Many Republican candidates running in this November’s elections are defining their image in the light of all things Donald Trump instead of having their own thoughts. They are encouraged to be simple “yes” men and follow the Donald Trump Template to a T. One such candidate is Ron DeSantis, who has based his entire campaign on one tweet in which he was endorsed by Trump. When asked if he had any positions that varied from Trump’s stance, DeSantis answered in the negative.
DeSantis currently serves as a U.S. Congressman for Florida. His opponent for the Governor’s seat is Andrew Gillum, who is currently Mayor of Tallahassee. Gillum is considered one of many young Democratic rising stars who are looking to change the shape of politics in the face of modern challenges. Florida hasn’t had a Democrat in the Governor’s seat since 1994, so this race is garnering attention. In addition, no one needs an army of “yes” men across the nation, serving Trump, a man who listens to the advice of no one.
Following in Trump style, DeSantis made some nasty remarks about Gillum immediately after the primaries. He immediately threw integrity right out the window when he complimented Gillum on being “articulate” and then said “the last thing we need to do is to monkey this up by trying to embrace a socialist agenda with huge tax increases and bankrupting this state. That is not going to work. It’s not going to be good for Florida.” Most people immediately caught on that this was code for racist smack talk and said so, but DeSantis brushed accusations of racism aside as “absurd.”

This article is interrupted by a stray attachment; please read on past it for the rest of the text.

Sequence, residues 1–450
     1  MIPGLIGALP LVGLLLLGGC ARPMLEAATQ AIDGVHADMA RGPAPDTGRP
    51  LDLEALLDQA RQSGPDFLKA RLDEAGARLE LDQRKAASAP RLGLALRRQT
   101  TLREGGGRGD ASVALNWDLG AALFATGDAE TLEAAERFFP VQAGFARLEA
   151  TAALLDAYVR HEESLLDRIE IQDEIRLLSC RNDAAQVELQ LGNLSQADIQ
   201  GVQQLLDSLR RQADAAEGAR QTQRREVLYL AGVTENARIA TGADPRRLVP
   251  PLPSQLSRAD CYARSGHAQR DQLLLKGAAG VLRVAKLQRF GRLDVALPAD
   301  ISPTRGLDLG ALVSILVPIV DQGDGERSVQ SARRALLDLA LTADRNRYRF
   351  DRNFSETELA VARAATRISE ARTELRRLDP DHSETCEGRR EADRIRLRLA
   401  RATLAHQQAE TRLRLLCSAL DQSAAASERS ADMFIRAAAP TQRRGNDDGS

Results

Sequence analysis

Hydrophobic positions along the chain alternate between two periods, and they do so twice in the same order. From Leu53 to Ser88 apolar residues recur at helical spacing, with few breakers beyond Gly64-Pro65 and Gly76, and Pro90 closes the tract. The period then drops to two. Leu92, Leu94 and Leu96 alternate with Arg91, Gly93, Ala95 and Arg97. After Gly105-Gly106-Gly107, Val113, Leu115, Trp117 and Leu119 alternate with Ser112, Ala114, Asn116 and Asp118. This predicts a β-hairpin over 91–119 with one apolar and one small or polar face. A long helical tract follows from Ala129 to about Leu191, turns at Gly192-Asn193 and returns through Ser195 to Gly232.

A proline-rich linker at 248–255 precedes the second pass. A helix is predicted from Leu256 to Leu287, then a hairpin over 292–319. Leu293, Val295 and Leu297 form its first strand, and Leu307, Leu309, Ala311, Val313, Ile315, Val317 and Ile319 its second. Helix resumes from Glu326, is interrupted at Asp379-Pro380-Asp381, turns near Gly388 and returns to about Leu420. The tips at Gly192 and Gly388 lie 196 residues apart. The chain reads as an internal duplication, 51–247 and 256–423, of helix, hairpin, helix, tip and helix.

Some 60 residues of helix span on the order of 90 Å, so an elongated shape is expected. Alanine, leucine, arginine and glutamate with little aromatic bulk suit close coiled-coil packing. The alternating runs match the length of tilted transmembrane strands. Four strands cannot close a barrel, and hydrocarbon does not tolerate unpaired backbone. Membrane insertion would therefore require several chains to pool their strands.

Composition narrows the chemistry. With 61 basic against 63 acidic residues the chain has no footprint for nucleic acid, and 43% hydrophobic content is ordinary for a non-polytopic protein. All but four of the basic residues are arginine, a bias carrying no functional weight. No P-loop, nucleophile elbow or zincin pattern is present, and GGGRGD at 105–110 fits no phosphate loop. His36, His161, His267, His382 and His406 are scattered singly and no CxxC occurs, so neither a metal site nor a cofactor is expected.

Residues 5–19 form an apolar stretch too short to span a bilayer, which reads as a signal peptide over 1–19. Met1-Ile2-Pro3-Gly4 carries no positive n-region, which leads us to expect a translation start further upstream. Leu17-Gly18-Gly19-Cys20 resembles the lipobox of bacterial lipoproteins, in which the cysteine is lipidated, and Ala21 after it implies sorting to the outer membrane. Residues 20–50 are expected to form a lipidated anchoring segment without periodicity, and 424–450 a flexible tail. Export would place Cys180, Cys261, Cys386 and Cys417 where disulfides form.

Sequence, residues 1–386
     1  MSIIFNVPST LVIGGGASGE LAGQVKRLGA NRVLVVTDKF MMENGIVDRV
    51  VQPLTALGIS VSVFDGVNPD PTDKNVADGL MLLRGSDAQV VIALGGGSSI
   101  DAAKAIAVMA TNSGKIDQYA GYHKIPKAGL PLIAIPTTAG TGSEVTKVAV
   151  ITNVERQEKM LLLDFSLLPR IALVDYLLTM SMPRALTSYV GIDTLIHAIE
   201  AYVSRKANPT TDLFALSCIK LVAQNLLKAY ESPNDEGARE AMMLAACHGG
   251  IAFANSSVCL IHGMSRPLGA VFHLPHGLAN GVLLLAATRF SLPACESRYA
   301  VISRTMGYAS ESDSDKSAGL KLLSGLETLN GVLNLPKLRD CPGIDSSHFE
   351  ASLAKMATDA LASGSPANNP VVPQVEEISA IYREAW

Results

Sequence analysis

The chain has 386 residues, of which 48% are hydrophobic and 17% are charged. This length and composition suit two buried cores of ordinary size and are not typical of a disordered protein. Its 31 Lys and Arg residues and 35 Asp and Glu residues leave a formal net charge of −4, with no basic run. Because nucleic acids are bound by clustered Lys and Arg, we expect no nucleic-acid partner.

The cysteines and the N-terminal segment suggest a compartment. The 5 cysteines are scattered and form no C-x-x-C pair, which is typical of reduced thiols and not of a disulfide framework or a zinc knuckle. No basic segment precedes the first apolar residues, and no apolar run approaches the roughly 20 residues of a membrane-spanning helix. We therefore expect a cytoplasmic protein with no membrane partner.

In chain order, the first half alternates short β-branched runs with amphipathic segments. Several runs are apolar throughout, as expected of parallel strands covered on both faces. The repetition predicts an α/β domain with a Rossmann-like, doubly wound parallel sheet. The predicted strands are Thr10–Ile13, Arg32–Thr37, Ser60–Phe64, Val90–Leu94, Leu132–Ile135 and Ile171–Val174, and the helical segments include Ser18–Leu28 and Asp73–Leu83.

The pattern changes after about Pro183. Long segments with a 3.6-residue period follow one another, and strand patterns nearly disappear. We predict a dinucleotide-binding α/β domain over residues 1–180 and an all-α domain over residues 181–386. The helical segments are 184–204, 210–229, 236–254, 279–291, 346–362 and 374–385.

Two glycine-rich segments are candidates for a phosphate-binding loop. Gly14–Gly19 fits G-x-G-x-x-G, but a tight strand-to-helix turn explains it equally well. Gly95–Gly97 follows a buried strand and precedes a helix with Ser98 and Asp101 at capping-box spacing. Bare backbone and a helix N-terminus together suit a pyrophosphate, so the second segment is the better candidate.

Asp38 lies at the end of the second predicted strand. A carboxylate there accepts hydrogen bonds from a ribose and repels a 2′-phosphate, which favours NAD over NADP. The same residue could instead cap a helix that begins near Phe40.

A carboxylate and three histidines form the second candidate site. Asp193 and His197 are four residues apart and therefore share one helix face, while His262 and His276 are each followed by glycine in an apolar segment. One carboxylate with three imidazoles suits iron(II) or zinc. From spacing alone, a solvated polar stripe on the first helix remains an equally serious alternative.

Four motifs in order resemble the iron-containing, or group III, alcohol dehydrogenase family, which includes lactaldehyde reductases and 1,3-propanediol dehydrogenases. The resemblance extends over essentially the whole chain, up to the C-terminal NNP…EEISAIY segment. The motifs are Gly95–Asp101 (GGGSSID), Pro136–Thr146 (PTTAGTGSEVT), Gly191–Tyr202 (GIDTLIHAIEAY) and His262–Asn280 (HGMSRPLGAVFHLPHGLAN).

Gillum declined to engage DeSantis after his clearly bigoted remarks, and has made it clear he would like to focus on bringing communities together instead of using racism to divide constituents. New poll numbers show that Gillum is in the lead by five percentage points. Floridians are already speaking, and they don’t like what DeSantis is selling. Another factor in this race is that about 100,000 Puerto Rican residents were forced to move to Florida after Hurricane Maria devastated their lives and they were unable to get proper aid. Given Trump’s callous response towards the catastrophe, which had more casualties than Hurricane Katrina, those now living on the mainland have voting rights and will exercise them, potentially changing the trajectory of Florida’s politics in the years to come.